Adam BlockAuthor, AstrophotographerPublic Observing Programs Coordinator,Mt. Lemmon Sky's workshop will demonstrate processing techniques inCCDStack and Photoshop that leverage threshold brightness valuesand layer masks.Adam operates the public observing programs at the Mount LemmonSkyCenter ( - a new science facility northof Tucson featuring the 32-inch Schulman telescope.Literally dozens of Adam's images have been published in variousbooks such as: A Year in the Life of the Universe, Cosmic Butterflies,Beyond Earth, National Geographic, Encyclopedia of Amateur Astronomy,The Caldwell Objects, Night Wonders, and hundreds of his images have been published in magazines includingAstronomy Magazine, Sky & Telescope, Coleum, Astronomie, Scientific American, Ciel&espace, and The PracticalAstronomer.Adam has been an invited speaker at various conferences and seminars on imaging, including the Advanced ImagingConference in San Jose, the East Coast Conference on Advanced Imaging, EPOCH 2007, North East Advanced ImagingConference, Riverside Telescope Makers Convention, Astronomical League Convention, Imaging The Sky Conference,and more. NASA has selected Adam's images as Astrophoto of the Day 34 times, and Space.Com has selectedover 20 of his images for their image of the day. Special editions such as Astronomy's "Atlas of the Stars" andSky & Telescope's "Beautiful Universe" and 10 book covers also use Adam's images. Many of these images weretaken during Adam's time administering the Advanced Observing Program at the Visitor's Center at Kitt Peak.The Trifid Nebula in Stars and Dust - APOD July 7, 200924-inch RCOS, SBIG STL11000 CCD, Custom Scientific filters, RGB = 80:50:55 minutesAdvanced Imaging Conference October 30 - November 1, 2009 San Jose, California Page 9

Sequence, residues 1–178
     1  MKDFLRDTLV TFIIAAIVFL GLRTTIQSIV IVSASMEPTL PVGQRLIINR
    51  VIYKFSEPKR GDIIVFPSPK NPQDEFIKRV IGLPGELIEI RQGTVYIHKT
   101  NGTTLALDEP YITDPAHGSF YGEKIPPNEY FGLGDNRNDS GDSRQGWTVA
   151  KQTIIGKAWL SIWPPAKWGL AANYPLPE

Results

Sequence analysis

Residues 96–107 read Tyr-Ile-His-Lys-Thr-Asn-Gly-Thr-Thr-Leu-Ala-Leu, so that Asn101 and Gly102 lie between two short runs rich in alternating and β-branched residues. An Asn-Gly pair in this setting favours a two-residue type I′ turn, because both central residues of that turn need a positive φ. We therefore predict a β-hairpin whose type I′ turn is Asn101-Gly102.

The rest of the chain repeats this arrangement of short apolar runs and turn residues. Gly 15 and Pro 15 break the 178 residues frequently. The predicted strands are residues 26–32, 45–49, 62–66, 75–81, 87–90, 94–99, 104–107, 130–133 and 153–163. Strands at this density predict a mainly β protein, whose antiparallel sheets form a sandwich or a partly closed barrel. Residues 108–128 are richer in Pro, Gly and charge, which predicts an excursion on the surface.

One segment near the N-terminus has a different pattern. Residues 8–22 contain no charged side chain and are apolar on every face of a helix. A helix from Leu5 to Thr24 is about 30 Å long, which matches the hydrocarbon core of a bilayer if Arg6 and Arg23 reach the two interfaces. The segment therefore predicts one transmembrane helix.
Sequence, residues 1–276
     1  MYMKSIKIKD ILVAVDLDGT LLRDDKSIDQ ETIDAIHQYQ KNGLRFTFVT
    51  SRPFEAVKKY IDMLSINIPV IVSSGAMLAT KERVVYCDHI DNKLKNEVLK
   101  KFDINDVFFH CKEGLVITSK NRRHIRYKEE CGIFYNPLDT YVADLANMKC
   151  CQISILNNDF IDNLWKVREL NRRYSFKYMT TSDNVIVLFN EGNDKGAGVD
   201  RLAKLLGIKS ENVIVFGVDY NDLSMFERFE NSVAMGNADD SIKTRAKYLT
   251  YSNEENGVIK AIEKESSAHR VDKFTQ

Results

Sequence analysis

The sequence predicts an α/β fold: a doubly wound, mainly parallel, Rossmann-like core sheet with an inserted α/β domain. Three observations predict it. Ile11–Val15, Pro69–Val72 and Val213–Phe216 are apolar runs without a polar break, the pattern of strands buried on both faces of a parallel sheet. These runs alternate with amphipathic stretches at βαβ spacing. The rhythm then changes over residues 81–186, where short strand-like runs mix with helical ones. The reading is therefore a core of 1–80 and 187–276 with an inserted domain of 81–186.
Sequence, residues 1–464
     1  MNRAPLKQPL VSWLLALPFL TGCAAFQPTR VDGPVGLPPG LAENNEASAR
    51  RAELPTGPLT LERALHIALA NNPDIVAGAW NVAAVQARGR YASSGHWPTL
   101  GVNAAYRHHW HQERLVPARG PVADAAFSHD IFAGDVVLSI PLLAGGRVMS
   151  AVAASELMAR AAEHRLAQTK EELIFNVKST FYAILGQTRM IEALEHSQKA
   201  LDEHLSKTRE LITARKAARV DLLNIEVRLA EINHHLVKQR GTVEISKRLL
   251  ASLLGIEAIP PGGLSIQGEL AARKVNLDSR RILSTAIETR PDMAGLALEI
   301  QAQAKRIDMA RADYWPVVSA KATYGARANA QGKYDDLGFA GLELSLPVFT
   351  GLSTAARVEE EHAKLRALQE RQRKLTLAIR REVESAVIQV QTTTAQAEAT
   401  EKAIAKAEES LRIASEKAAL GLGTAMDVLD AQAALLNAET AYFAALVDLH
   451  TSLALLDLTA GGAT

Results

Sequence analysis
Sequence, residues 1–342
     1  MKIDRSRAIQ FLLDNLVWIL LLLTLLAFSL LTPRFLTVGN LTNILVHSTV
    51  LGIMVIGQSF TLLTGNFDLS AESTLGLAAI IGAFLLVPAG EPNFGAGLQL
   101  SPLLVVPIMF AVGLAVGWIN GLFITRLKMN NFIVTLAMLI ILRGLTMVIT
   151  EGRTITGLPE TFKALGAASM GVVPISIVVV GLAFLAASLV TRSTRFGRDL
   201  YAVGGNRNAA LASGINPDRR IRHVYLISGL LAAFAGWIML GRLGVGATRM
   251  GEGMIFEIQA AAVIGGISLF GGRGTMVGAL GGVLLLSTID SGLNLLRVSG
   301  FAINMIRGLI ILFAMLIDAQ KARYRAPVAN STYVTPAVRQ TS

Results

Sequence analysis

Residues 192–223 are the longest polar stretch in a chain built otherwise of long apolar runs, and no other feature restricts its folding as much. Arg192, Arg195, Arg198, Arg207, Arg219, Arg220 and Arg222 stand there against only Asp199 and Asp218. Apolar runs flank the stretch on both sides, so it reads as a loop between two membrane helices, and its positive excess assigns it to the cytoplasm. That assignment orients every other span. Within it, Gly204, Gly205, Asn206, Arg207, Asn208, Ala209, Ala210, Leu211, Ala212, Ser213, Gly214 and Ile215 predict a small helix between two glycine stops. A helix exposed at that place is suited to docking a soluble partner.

Dr. Letty Wilson BonnellAffiliate Assistant Professor,Loyola College, MarylandwithDr. Jerry BonnellAstrophysicist/Staff Scientist -Compton Gamma Ray Observatory, Science SupportCenter, Editor- Astronomy Picture of the Day (APOD) Elements and Principles of Design in Astronomical ImagesIn this presentation the Bonnells will look at the fundamentals of visualform in familiar works of art and see how they can be applied to composingand processing astronomical images. These fundamentals fall into two basic categories: visual elements(such as line, shape, color, etc.) and principles of design (balance, contrast, repetition and rhythm, etc.). Whatworked for Leonardo can work for astrophotographers, too!Dr. Letty Bonnell received her Art History doctorate from The University of Maryland, College Park in 2002. Herdissertation, Elephants and Hunters, Diviners and Oracles: Yorùbá Carving in Bone and Ivory, is based on researchcarried out in Lagos, Ìbàdàn, Ifè, Òsogbo and Öwö, Nigeria, during the summer of 1998. Dr. Ekpo Eyo, a noted Nigerianarcheologist and art historian, invited Letty to be contributing editor for his latest book, From Shrines to Showcases:Masterpieces of Nigerian Art, which was published this spring by the Federal Ministry of Information andCommunication, Nigeria. She is currently editing a concordance of African art for an exhibition and catalog mastermindedby a colleague, photography historian Wendy Grossman: Man Ray, African Art, and the Modernist Lens.Letty has been teaching full time at Loyola College in Maryland as an Affiliate Assistant Professor since 2002, offeringcourses on the arts of Africa, African-Americans, and contemporary art, as well as art appreciation for students inthe Elementary Education program.At Loyola she also supervises andmaintains visual resources for theFine Arts department.Dr. Jerry Bonnell joined NASA GoddardSpace Flight Center in 1988and enjoyed working on the CosmicBackground Explorer (COBE) andInternational Ultraviolet Explorer(IUE) projects. Since 1992 he hasbeen a member of the ComptonGamma-Ray Observatory (CGRO)Science Support Center (SSC) staffin the Laboratory for High EnergyAstrophysics (LHEA).His research efforts have involvedmultiwavelength studies of gammarayselected blazars and studies ofthe time histories and spectral evolutionof cosmic gamma-ray bursts.APOD's 11th "Birthday" (June 16, 2006) by Herman SerranoA number of APOD images are featured in this collage of a fantasy sky above Mars.Dr. Bonnell is also one of the editorsof the NASA Astronomy Picture ofthe Day (APOD) website.Advanced Imaging Conference October 30 - November 1, 2009 San Jose, California Page 10